MARKET INSIGHTS
October 15, 2017

Andy Little

RICHMOND TIMES-DISPATCH

BY ANDREW LITTLE, Special correspondent – October 15, 2017

After taking a short breather earlier in the year, commercial real estate markets are singing the “Movin’ On Up” theme song from the hit ’70s television show “The Jeffersons.”

Leading the resurgence is a stable and healthy conduit market that is producing loans at a pace not witnessed in three years.

Loans in the third quarter were originated by conduits and sold as commercial mortgage-backed securities at the fastest quarterly clip since 2014, according to data from real estate news publication Commercial Mortgage Alert.

On top of that, loans that are expected to be sold as commercial mortgage-backed securities this month will push year-to-date loan contributions above all of 2016.

Data show that virtually all of the larger loan originators experienced huge loan growth in 2017. Looking at the top 10 commercial mortgage-backed securities originators through the first nine months of 2016, all but two increased output for the first nine months of 2017. Of those originators, the average increase was 61.27 percent in 2017, compared with 2016.

The two that underperformed were UBS with a 7 percent decline from last year and CCRE, which practically fell off the edge of the commercial real estate world with a whopping 84.5 percent reduction in loan contributions to commercial mortgage-backed securities.

One particular deal stands out as an interesting example of the rising tide. In September, JP Morgan, Citibank and Goldman teamed up to sell $1 billion in commercial mortgage-backed securities senior bonds whose collateral is 12 Great Wolf Lodge hotels, including the resort property located near Williamsburg. Additional collateral included two joint venture interests and the value of a management agreement on a non-owned asset. The senior debt was combined with an additional $500 million of subordinate debt for a total loan value of $1.5 billion.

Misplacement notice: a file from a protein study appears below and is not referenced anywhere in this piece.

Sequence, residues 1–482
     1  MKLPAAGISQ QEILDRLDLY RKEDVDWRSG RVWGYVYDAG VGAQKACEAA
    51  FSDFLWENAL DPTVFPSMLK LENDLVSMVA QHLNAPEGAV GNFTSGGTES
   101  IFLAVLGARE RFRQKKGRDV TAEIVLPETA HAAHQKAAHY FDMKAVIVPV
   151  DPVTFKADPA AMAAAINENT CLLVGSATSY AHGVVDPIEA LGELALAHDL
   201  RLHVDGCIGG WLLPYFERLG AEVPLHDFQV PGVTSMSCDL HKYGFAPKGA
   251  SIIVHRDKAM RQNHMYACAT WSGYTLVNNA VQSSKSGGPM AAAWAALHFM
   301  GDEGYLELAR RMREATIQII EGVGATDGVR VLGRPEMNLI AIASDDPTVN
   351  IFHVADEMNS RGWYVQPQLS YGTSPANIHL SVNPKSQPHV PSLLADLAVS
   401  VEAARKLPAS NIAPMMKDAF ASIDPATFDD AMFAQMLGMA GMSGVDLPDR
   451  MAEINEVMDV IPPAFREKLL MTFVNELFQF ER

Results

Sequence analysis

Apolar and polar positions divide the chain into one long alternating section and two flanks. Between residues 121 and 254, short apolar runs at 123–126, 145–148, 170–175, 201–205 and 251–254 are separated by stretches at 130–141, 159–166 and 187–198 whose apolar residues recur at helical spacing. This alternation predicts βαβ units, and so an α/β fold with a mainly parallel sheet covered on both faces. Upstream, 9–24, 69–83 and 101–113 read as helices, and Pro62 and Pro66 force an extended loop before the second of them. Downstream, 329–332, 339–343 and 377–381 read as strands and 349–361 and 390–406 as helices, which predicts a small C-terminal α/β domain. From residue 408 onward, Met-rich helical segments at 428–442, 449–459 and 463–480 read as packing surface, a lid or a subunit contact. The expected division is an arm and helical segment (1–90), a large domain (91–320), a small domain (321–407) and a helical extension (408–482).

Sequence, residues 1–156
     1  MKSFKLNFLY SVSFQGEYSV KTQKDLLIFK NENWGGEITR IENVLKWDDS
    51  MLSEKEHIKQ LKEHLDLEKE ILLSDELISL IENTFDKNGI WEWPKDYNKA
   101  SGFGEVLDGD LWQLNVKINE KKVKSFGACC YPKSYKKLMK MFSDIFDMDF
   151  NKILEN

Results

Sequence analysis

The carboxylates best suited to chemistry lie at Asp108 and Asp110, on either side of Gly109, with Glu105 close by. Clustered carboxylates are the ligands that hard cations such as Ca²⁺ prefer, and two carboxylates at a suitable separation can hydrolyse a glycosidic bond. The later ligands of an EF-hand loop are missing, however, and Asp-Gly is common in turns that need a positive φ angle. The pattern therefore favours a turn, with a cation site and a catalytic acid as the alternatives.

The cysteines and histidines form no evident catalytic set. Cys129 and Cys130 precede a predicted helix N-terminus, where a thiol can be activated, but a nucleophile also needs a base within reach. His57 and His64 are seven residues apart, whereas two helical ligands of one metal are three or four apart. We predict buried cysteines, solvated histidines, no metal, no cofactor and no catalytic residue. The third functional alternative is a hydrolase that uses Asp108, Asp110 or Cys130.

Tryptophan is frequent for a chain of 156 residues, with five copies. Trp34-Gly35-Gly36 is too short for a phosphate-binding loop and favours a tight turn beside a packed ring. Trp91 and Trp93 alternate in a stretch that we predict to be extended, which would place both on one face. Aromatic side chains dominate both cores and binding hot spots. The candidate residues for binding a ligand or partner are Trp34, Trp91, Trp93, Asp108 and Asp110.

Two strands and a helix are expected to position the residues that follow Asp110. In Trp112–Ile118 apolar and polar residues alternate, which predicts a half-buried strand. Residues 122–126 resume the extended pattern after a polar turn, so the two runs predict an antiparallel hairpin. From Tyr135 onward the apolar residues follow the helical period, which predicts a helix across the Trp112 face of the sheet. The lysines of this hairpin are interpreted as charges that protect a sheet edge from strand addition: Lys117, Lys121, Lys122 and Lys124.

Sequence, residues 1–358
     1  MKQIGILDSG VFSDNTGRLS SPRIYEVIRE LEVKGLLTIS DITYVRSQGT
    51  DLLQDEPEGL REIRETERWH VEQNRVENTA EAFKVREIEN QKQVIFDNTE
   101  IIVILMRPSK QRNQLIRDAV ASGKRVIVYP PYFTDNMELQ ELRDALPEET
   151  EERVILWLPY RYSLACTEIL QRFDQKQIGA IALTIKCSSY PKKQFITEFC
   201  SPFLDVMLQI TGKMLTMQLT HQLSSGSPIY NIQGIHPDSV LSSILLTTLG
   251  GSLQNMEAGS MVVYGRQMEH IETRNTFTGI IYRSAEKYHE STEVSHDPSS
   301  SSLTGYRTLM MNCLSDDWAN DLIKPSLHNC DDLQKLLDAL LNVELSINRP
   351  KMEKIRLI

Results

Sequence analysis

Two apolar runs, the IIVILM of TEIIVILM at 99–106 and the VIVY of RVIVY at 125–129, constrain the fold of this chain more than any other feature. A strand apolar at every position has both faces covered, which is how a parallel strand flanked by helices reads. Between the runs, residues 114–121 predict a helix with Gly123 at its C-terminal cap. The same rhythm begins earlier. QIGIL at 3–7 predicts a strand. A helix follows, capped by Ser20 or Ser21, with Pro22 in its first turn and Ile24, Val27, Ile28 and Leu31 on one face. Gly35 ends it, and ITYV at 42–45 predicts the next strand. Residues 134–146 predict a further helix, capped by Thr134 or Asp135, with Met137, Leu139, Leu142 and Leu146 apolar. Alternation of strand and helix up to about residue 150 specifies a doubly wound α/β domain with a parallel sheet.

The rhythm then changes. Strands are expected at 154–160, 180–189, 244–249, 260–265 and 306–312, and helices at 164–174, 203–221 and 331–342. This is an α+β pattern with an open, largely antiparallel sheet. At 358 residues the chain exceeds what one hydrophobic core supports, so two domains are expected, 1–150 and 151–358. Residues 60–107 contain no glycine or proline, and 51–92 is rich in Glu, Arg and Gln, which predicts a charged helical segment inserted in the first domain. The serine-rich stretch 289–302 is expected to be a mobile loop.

According to a Kroll Bond Rating Agency pre-sale report, the underlying hotels had 4,474 rooms and were valued at $2.034 billion (excluding the joint venture properties). Of course, the Great Wolf Lodge experience is more than just the hotels, but using that valuation, each room is worth an eye-popping $454,627.

What makes the transaction an interesting sign of the times is that Centerbridge Partners LP purchased Great Wolf Resorts in May 2015 from Apollo Global Management LLC for $1.35 billion.

No doubt capital has been expended over the past two years to increase the value of the portfolio, but the purchase stands out as particularly good given that Centerbridge now has all its capital back in its pocket and equity in the transaction of more than $500 million.

Apollo took Great Wolf Resorts private in 2012 for $703 million. No tears should be shed for Apollo given its outrageous success in Great Wolf Resorts over a few short years. Both successes can be attributed to the shifting tide in retail and consumer tastes where the focus is now on destination entertainment.

Retail properties continue to slug it out with online competition, and there is no sign of it abating.

Commercial mortgage-backed securities loans secured by retail properties represent over 30 percent of all such loans and are currently the most delinquent.

As of the end of September, 6.24 percent of retail properties using commercial mortgage-backed securities loans were delinquent, according to Trepp LLC, a New York-based provider of analytics and commercial real estate information. That compares to 5.84 percent of office property loans, 4.24 percent of industrial, 2.85 percent of hotel and 0.68 percent of multifamily property loans.

High rates cannot be blamed for loan delinquencies. According to the John B. Levy National Mortgage Survey, rates are up 0.25 percent from last month and are currently in the 3.5 percent to 3.9 percent range for 5- and 10-year loans offered by life insurance companies. Conduit pricing continues to be competitive and for 10-year loans now averages 4.15 percent to 4.45 percent for higher leverage loans.

The end of the year should bring an acceleration to commercial real estate activity as values move up. The activity is due to more stability in the commercial loan market.

John B. Levy & Co. partner and investment banker Andrew Little can be reached at alittle@jblevyco.com.